CSPs may adopt different strategies for different applications or customer groups. Telehealth is a highly complex market and to move up the value chain requires significant long-term investment. Forging relationships in the complex and fragmented ecosystem is not easy and CSPs will need to develop strategic partnerships for capabilities such as devices, systems integration and medical expertise.

There are three main routes to market which are illustrated in Figure 1, and which are discussed in more detail below:

Figure 1: CSP roles in the telehealth value chain [Source: Analysys Mason, 2015]

Picture1

  • Connectivity provider: this is a low-risk, but low-visibility (and lower-value) role in the value chain, and is subject to fierce competition and low returns. Connection volumes are not sufficient to generate large revenues, hence connectivity is a low-value opportunity in healthcare. However, it also requires low investment and may scale for certain target customer groups such as the pharmaceutical market.
  • Enabler platform provider: this is a low-to-medium risk role and requires more investment with regard to leveraging platform capabilities such as data storage and business support systems (BSS) as well as partnership building. It is an attractive role for CSPs as it generates higher value, but will also be subject to intense competition. Maxis Malaysia has adopted this strategy for its remote patient monitoring service.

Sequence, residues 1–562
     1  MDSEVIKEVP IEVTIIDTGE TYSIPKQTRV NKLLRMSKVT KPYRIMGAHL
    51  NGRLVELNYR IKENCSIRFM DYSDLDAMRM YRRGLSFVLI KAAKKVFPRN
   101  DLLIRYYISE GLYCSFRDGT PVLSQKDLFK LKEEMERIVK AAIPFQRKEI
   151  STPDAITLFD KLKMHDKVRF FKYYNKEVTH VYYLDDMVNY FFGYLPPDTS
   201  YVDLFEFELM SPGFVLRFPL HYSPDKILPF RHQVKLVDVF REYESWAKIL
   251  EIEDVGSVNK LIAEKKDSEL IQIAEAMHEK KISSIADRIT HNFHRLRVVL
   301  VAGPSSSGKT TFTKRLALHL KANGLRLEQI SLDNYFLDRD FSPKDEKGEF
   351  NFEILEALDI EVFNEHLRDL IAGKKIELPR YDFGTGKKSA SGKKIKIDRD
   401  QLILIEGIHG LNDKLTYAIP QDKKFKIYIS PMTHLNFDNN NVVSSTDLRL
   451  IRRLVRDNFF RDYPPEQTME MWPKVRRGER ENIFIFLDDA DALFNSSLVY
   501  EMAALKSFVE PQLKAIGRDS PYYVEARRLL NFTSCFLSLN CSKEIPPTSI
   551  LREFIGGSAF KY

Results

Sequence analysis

• Platform service provider: this role involves significant long-term investment and will most likely require senior-level backing. CSPs will need to consider partnerships and acquisitions to bring services to market. They will adopt a more holistic approach to providing a platform of technical and commercial capabilities to support the healthcare ecosystem. Operators including Deutsche Telekom, Telefónica and Telstra are moving towards a platform service model.

The telehealth market is complex and adoption is slow, and will likely remain a niche M2M sector for the foreseeable future. Any CSP entering the sector should take a long-term view on strategy and be prepared for some failures along the way. Connectivity alone is not much of an opportunity and success will require investment and long-term horizons.

CSPs that intend to play higher up the telehealth value chain will need to commit long term, invest significant technological and commercial assets and look for synergies across the different application groups that they provide. They should also consider partnerships and acquisitions to bring end-to-end services to market.

The author of this blog is Michele Mackenzie, M2M and IoT Solutions programme at Analysys Mason.

Comment on this article below or via Twitter: @IoTNow_ OR @jcIoTnow